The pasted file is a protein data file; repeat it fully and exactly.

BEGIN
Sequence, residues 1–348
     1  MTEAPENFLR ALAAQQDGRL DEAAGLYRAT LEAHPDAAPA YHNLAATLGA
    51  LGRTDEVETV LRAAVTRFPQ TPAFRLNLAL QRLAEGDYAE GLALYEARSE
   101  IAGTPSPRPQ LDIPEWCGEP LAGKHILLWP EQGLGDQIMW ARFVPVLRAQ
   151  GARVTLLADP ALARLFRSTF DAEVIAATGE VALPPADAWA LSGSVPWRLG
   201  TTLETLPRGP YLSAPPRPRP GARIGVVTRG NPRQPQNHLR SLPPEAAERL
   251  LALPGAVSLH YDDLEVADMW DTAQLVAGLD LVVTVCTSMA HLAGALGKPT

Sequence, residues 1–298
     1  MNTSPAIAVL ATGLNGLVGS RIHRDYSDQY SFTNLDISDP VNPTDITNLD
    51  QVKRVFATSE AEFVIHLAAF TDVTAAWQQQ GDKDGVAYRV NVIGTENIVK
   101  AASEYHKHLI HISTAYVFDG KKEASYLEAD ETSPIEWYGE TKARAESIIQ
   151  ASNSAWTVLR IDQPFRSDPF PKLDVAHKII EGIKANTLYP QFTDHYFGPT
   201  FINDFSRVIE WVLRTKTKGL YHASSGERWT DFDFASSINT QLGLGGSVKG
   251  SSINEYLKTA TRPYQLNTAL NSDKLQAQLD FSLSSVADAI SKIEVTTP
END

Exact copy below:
Sequence, residues 1–348
     1  MTEAPENFLR ALAAQQDGRL DEAAGLYRAT LEAHPDAAPA YHNLAATLGA
    51  LGRTDEVETV LRAAVTRFPQ TPAFRLNLAL QRLAEGDYAE GLALYEARSE
   101  IAGTPSPRPQ LDIPEWCGEP LAGKHILLWP EQGLGDQIMW ARFVPVLRAQ
   151  GARVTLLADP ALARLFRSTF DAEVIAATGE VALPPADAWA LSGSVPWRLG
   201  TTLETLPRGP YLSAPPRPRP GARIGVVTRG NPRQPQNHLR SLPPEAAERL
   251  LALPGAVSLH YDDLEVADMW DTAQLVAGLD LVVTVCTSMA HLAGALGKPT

Sequence, residues 1–298
     1  MNTSPAIAVL ATGLNGLVGS RIHRDYSDQY SFTNLDISDP VNPTDITNLD
    51  QVKRVFATSE AEFVIHLAAF TDVTAAWQQQ GDKDGVAYRV NVIGTENIVK
   101  AASEYHKHLI HISTAYVFDG KKEASYLEAD ETSPIEWYGE TKARAESIIQ
   151  ASNSAWTVLR IDQPFRSDPF PKLDVAHKII EGIKANTLYP QFTDHYFGPT
   201  FINDFSRVIE WVLRTKTKGL YHASSGERWT DFDFASSINT QLGLGGSVKG
   251  SSINEYLKTA TRPYQLNTAL NSDKLQAQLD FSLSSVADAI SKIEVTTP